Dog Control Orders (replacing dog byelaws)

DogFrom 6 April 2006 local authorities no longer have to rely on the creaky old byelaw system to control dogs on public land. The problem with this old system was that making new byelaws used to take years, if not decades, and so it was very easy for them to get out of date, if, for example, the council opened a new park or closed part of an old one. Section 6 of the Clean Neighbourhoods and Environment Act 2005 provided a new way of controlling dogs, allowing local authorities and parish councils to introduce controls on dogs in certain areas without confirmation by the Secretary of State. Councils will still be able to make new byelaws to control dogs if they wish to do so, but only in relation to offences that cannot be prescribed in a Dog Control Order. Existing byelaws remain in force indefinitely, and can continue to be enforced as normal. See DEFRA Dog Fouling page for more details.

The new law repeals similar powers under The Dogs (Fouling of Land) Act 1996, and under Sections 55 – 67 of the Clean Neighbourhoods and Environment Act, Dog Control Orders replaced existing local authority and parish council powers to designate land for dog control. Both types of authority can control dogs by way of Dog Control Orders in relation to five dog control matters, including: banning dogs from land; requiring that dog faeces are cleared up; requiring that dogs are kept on a lead; requiring that a dog is kept on a lead if required to do so; and, restricting the number of dogs that can be taken onto land.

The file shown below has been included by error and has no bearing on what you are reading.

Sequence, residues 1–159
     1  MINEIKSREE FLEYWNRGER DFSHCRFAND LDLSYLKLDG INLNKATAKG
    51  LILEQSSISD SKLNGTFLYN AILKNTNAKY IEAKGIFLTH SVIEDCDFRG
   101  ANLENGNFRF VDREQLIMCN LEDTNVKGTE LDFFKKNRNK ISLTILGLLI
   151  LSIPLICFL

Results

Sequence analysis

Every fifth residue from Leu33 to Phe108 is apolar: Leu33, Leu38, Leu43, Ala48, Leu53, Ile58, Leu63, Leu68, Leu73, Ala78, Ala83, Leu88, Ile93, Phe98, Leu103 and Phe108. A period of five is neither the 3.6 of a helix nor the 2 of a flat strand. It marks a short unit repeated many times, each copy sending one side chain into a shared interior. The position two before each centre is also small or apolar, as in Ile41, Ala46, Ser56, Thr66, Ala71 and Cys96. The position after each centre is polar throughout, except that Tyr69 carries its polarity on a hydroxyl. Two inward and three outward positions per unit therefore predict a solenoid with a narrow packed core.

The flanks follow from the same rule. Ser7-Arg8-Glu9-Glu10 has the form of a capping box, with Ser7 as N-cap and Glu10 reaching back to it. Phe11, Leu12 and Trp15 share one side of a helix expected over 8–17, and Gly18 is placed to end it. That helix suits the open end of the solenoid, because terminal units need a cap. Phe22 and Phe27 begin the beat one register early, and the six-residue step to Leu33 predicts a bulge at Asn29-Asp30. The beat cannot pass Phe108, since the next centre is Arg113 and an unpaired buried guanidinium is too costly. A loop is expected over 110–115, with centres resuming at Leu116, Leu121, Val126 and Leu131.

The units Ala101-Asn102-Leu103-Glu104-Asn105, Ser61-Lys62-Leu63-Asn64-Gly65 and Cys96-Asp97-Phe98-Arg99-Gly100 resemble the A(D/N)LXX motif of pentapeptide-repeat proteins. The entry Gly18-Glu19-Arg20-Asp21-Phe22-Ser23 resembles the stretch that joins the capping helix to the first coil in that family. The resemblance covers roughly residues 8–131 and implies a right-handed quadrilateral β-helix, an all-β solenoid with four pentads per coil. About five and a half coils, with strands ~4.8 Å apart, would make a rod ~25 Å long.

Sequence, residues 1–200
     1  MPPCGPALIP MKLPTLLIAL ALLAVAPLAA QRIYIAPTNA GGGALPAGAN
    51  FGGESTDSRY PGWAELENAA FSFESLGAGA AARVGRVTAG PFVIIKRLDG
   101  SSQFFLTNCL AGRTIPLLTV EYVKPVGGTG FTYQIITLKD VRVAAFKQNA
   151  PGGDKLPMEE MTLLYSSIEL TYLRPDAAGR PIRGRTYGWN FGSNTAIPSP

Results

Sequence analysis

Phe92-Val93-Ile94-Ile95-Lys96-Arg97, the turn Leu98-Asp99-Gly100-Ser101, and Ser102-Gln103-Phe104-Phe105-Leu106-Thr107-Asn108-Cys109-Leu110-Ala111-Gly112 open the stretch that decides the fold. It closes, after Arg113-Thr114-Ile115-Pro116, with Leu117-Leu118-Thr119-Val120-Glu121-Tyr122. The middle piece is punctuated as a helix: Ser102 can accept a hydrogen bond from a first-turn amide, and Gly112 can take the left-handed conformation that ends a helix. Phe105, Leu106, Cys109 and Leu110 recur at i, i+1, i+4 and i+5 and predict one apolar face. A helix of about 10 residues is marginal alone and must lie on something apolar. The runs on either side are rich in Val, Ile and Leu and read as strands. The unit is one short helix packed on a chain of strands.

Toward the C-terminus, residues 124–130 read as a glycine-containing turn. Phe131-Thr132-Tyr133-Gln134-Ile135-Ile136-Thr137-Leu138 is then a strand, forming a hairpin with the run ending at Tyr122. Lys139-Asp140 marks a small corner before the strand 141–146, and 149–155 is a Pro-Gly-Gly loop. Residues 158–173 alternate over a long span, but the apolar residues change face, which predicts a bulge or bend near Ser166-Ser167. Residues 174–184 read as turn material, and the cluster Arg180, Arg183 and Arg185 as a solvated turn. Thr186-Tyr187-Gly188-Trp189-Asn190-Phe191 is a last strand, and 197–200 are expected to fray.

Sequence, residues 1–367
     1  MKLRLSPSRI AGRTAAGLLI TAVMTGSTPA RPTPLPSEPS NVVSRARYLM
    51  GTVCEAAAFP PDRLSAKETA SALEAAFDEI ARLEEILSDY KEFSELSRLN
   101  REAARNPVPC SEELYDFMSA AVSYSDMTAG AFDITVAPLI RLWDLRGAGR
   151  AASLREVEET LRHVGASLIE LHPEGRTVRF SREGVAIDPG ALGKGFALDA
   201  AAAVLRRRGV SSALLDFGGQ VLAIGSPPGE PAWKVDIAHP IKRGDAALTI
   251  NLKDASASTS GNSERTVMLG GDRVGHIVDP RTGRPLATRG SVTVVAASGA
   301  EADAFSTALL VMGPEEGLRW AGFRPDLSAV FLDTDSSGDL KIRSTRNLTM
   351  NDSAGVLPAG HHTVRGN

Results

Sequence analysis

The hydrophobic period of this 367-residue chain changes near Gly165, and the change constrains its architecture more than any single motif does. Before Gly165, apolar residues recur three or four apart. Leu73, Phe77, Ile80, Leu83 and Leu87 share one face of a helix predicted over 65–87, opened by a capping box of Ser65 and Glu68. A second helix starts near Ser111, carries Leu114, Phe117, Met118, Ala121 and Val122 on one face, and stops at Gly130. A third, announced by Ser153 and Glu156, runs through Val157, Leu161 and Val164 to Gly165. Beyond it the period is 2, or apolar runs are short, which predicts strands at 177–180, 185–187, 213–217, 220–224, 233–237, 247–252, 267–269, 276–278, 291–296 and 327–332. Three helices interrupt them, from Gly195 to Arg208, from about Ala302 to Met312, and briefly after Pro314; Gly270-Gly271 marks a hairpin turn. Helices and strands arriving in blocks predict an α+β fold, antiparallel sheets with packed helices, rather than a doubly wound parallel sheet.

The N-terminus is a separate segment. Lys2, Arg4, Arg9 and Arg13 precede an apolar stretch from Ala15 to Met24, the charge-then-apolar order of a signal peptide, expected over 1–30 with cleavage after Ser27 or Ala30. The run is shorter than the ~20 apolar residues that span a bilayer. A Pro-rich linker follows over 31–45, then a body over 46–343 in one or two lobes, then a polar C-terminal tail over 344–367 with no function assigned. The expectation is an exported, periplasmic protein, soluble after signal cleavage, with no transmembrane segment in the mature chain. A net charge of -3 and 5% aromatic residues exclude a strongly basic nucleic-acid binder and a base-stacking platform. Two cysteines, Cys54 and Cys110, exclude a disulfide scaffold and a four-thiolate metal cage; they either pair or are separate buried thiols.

A Dog Control Order can be made in respect of any land which is open to the air and to which the public are entitled or permitted to have access (with or without payment). Land which is covered is treated as land ‘open to the air’ if it is open to the air on at least one side. Some land is exempted, at present this includes all Forestry Comission land and all roads and other highways (including footpaths and brideways), but other exemptions may be introduced.

Regulations state specifically that being unaware of a dog’s defecation, or not having a device or other suitable means of removing the faeces is not a reasonable excuse for failing to comply with a dog control order.

Primary legislation can be found at the Office of Public Sector Information Clean Neighbourhoods and Environment Act 2005 and guidance at DEFRA.

External links

Note: this page concerns the law in England and Wales. Naturenet cannot help you if you want to know about dogs anywhere else, especially in the United States.